Album Review: A$AP Rocky, At.Long.Last.A$AP


A$AP Rocky

At.Long.Last.A$AP (released May 26, 2015)

Say what you will about the infamous A$AP Mob, but they live up to their boasts: They’re more than music, they’re a movement.

Their trademark eerie musical production has spawned tons of imitators while their mix of streetwear and designer fashions have birthed new wardrobe trends. We need the Men In Black thing to erase our minds of that “dudes in Timbs and nightgowns” phase, though.

Plus, all you have to do is journey down Black Twitter’s timeline to see all the mock A$AP profile names floating around. Their legion is growing, and it’s being led by A$AP Rocky, easily the Mob’s standout MC.

At.Long.Last.A$AP is a bit of a departure from Flacko’s debut, which was packed with club-friendly anthems. Instead, A.L.L.A. is brimming with experimental mood music, using rock and soul samples to establish that familiar dark atmosphere.

Rocky’s known more for his aura than his lyrical acumen but don’t sleep — the boy has bars. The sparse production of “Canal St.” gives A$AP room to rattle off some memorable lines: “Your favorite rapper’s corpses couldn’t match up my importance/My mind is out in orbits, plus my ego got endorsements.” His flow is downright infectious on “Excuse Me,” where he brags about ballin’ in the Bahamas but pouts when the bill collectors show up. That’s that hood rich mentality right there. And as the pace ramps up on “Max B,” so does Rocky’s intensity. It’s proof that he’s much more than some lackadaisical lyricist.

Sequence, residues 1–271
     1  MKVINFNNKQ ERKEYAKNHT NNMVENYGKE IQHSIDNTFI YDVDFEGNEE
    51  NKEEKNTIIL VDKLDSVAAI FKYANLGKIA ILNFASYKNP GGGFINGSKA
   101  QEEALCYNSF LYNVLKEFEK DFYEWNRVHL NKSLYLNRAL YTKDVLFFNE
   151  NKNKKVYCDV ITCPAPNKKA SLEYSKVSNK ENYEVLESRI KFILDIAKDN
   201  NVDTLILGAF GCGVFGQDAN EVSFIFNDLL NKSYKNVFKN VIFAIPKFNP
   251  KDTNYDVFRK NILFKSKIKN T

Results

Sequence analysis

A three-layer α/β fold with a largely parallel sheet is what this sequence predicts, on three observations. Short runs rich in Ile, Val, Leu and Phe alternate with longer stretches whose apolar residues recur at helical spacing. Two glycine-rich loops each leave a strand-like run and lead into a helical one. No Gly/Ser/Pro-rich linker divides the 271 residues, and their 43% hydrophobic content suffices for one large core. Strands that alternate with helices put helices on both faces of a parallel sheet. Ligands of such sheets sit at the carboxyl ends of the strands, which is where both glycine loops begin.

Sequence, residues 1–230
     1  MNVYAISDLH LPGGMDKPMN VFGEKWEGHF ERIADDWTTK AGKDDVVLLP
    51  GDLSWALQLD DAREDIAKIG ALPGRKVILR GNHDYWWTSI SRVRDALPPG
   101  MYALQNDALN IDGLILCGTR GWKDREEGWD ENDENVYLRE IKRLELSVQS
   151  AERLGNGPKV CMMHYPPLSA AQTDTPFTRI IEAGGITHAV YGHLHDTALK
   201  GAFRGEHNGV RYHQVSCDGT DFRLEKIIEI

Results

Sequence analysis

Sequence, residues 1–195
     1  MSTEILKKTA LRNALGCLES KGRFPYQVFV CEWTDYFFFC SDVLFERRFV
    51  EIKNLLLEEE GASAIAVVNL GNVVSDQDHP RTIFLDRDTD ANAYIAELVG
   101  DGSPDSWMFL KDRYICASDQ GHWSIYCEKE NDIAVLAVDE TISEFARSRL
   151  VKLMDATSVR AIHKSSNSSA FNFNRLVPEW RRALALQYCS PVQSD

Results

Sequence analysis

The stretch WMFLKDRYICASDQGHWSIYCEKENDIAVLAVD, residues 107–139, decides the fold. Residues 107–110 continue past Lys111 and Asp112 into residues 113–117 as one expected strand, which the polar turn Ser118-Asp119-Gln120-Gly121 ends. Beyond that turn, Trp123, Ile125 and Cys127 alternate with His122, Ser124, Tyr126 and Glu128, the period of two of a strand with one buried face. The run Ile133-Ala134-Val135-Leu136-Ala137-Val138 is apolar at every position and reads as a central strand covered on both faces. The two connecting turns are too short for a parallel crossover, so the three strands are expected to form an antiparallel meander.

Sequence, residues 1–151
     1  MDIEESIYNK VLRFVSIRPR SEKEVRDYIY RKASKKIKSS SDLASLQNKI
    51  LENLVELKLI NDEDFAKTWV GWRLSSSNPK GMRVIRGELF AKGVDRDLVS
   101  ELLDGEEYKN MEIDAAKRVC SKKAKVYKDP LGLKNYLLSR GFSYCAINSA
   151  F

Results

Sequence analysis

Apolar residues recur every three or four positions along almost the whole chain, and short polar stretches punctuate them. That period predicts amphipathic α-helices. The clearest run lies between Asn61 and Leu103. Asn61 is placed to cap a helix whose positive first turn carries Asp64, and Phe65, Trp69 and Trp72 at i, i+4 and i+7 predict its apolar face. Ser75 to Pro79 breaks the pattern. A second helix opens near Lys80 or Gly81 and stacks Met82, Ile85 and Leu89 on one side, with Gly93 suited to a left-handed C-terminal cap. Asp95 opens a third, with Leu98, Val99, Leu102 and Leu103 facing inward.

As mentioned earlier, the production is pretty diverse, with upstart Joe Fox providing much of the background vocals.  The weird, whiny guitars on “Holy Ghost” sound like church revival down in one of those swamps from True Blood. “Lord Pretty Flacko Jodye 2 (LPFJ2)” sounds like it was ripped from Bone Thug’s discography. “Wavybone,” with Juicy J and UGK, bring a soulful edge that smells a bit like Stankonia. The diversity keeps the album from getting too stale, but even that can’t ward off some lingering issues.

For better or worse, A.L.L.A. is crammed with a multitude of guests. Some come off great — Lil Wayne finally sounds motivated again on “M’$” while James Fauntleroy provides some radio friendly love on “West Side Highway.” But then, there’s Kanye West on “Jukebox Joints,” who absolutely ruins the soulful track with one of the worst verses I’ve EVER heard.

No, no, — not just worst of Kanye’s career, or worst this year. I’m talking one of the worst my ears have ever heard.

I got one child, one child
But I’m f***in’, f***in’, f***in’ like I’m tryna make four more
They wanna throw me under a white jail
Cause I’m a black man with confidence of a white male


Also, the album runs for nearly 70 minutes, and about halfway through, A$AP’s psychedelic shtick starts to wear thin. The last half of the album is loaded with filler like “Better Things” and “Pharsyde,” even though the latter does have a few choice lines (“Gentrification split the nation that I once was raised/in I don’t recall no friendly neighbors face on my upraising”).

If you’re a card-carrying member of the A$AP Mob, At.Long.Last.A$AP will be the album that defines your summer. Less die-hard fans will find a lot to love, but the crushing amount of filler drowns out some of the stronger tracks.

And that Kanye verse is enough to give the strongest man nightmares.

Regardless, A.L.L.A. is proof that Rocky is growing as an artist. Let the movement continue.

Best tracks: “Excuse Me,” “Canal St.,” “Max B”

3.5 stars out of 5



  1. Thanks brotha!

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